Richard Rogers might be thought of as a guy who desired everything. He desired attractive new structures, a just and civilized society, and prosperity for himself and his associates.

He was kind and harsh, amorous and political, all at the same time. He wanted to be in the thick of things.

Such desires foreshadowed a career of magnificent success, with an effect equal to that of any British architect.

His early life is summed up in two papers. His cousin Ernesto Rogers, a great Milanese architect, sent him a letter when he was born, advising him to “break through the door of life, not eavesdrop behind it.”

R received a critical report from one of his lecturers as a student at the Architectural Association in London. It stated his sketching was poor, his working approach was chaotic, and his critical judgment was illogical.

He did, in fact, slam the door open. The AA report was essentially accurate as well.

His brilliance lay in his ability to overcome his flaws via charm, charisma, and persistence, as well as forming alliances with other intelligent individuals who could achieve what he couldn’t. Early in his architectural career, he was a member of Team 4, which included Norman Foster, Foster’s wife, Wendy Cheeseman, and Rogers’ wife, Su, all of whom had abilities that he lacked.

With Renzo Piano and a slew of other designers, he created the Pompidou Centre in Paris.

Rogers constructed a social world with his second wife, Ruth, around the River Café restaurant, which began as a canteen for his practice, and the triple-height living area of the home they built by combining two Chelsea townhouses. Rogers is remembered for giving a gracious, if slightly incoherent, speech to a party that might include a Hollywood star, a cultured footballer, or a world-famous artist in a cerise or lime-green shirt, standing on the house’s elegant steel staircase, with Andy Warhol prints of Chairman Mao on the walls.

His insatiable hunger was accompanied by an indifference to contradiction, complexity, and the stubbornness of facts. This may be seen in an early home he and Su created for photographer Humphrey Spender; inspired by California’s steel-and-glass “case study” residences, Rogers sought to do the same in rural Essex, with little regard for climatic variations.

Spender sent Rogers a humorous Christmas card his first winter at the home, a snapshot of the frost patterns that developed on the interior of the single-glazed walls.

Rogers’ efforts with Tony Blair, John Prescott, and Ken Livingstone to revitalize British towns via smart design exhibited the same obliviousness. This resulted in a genuine shift in political and cultural views toward urban living, but it also necessitated compromises with property interests that went counter to the inclusive values he promoted.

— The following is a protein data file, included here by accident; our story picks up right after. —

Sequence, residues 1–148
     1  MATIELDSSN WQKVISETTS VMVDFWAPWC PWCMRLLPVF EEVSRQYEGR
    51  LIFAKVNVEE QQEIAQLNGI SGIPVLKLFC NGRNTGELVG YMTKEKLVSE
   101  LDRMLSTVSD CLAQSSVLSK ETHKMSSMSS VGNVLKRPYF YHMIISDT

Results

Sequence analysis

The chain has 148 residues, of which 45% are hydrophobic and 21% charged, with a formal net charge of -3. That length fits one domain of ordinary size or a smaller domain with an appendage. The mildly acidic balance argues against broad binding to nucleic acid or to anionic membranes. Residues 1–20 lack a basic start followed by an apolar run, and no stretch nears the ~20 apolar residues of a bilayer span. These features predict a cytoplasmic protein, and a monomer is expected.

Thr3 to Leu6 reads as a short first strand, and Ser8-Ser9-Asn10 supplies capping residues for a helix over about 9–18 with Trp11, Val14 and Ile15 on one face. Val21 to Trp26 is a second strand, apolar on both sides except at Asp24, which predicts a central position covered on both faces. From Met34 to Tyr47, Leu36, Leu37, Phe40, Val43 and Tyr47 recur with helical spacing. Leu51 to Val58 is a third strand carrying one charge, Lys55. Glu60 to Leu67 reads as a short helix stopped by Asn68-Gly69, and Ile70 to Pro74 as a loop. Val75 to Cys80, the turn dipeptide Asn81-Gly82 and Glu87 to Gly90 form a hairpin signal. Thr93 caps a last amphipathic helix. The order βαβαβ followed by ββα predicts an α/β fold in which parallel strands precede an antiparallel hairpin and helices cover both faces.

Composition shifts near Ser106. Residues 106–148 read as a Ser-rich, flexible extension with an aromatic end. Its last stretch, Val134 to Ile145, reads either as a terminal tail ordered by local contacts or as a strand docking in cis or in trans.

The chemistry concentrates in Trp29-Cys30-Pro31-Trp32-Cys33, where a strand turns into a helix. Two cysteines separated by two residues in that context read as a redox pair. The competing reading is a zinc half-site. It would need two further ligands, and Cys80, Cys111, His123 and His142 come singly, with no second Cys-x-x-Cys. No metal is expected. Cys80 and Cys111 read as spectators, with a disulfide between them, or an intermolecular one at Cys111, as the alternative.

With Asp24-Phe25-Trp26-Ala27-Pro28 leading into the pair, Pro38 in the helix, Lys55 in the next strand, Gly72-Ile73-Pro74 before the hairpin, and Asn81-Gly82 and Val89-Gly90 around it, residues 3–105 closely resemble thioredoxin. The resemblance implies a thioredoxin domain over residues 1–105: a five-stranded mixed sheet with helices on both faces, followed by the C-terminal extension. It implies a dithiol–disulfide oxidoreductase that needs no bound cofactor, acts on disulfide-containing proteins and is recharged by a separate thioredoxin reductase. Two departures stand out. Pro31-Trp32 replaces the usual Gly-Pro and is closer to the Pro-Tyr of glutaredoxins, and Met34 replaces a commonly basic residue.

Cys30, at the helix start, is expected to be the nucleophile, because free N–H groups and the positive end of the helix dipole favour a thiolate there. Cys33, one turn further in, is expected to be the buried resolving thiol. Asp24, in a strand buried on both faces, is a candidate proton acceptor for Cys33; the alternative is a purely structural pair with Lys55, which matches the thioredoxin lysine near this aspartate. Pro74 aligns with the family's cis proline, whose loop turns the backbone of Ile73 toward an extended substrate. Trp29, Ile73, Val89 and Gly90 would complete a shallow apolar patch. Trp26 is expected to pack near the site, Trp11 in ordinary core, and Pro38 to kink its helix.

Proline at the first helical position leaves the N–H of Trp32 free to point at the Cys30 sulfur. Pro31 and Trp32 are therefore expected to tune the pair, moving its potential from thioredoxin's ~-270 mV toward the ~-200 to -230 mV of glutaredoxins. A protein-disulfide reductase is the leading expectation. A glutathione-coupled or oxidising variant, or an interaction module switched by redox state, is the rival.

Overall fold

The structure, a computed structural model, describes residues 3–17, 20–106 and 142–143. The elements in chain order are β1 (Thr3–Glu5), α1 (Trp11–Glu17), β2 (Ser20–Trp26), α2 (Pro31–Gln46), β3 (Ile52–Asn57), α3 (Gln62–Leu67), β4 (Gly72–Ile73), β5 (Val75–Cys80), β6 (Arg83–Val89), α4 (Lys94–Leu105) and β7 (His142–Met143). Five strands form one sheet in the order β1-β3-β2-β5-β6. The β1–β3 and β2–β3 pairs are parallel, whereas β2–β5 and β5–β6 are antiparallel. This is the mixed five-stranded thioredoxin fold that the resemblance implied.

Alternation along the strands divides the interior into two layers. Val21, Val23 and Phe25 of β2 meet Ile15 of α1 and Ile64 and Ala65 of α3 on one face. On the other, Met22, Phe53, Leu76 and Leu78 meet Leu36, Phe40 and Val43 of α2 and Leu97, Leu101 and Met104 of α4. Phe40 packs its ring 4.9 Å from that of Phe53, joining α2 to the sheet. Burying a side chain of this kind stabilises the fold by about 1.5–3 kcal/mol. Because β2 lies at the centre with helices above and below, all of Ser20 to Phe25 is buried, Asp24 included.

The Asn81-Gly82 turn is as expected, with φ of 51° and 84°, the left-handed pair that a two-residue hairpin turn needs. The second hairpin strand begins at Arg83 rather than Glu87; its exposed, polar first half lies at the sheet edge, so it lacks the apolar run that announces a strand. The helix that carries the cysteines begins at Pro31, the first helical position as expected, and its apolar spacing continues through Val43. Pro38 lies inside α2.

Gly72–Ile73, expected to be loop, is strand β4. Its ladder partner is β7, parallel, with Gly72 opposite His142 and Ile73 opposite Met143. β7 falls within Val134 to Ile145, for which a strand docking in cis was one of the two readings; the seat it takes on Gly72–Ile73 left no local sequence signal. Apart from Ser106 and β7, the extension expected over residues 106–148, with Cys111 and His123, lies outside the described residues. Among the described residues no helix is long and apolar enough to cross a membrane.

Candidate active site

There might be conflicts of interest between Rogers the social activist and Rogers the boss of a large firm: “good design” was all too frequently interpreted as the high-tech style that he and his associates supplied. At worst, we’d end up with something like One Hyde Park in Knightsbridge, a building of ultra-luxury apartments with fortress-like security measures that don’t do anything for the public space.

He has the potential to be merciless in his pursuit of his goals. His undertakings often did not turn out as planned or came at a significant expense to his clients.

He successfully used British libel laws against American author Stewart Brand, whose book How Buildings Learn had questioned Rogers’ assertions that his designs were flexible and adaptive in its US version. These passages were substituted by something else in the UK edition, as if in a Soviet altered image.

Rogers and I had a tumultuous relationship. With maybe exaggerated iconoclastic fervor, I criticized initiatives like his idea to enclose London’s Southbank cultural institution in a big glass canopy.

That didn’t sit well with him. Nonetheless, the news of his death, at the age of 88, struck me like a ton of bricks. His bravery was incredible.

And, in the end, he was one of the good people. Half a century after its start, the Pompidou Centre is still a burst of excitement, vitality, and inventiveness in the middle of a historic city. Even customers he was on the verge of bankrupting, like Spender with his frigid mansion, were won over by his vision.

Rogers informed his partner, Graham Stirk, that “naivety is an important part of creativity.” You couldn’t have one without the other in the case of this architectural marvel.

Thanks to at The Guardian whose reporting provided the original basis for this story.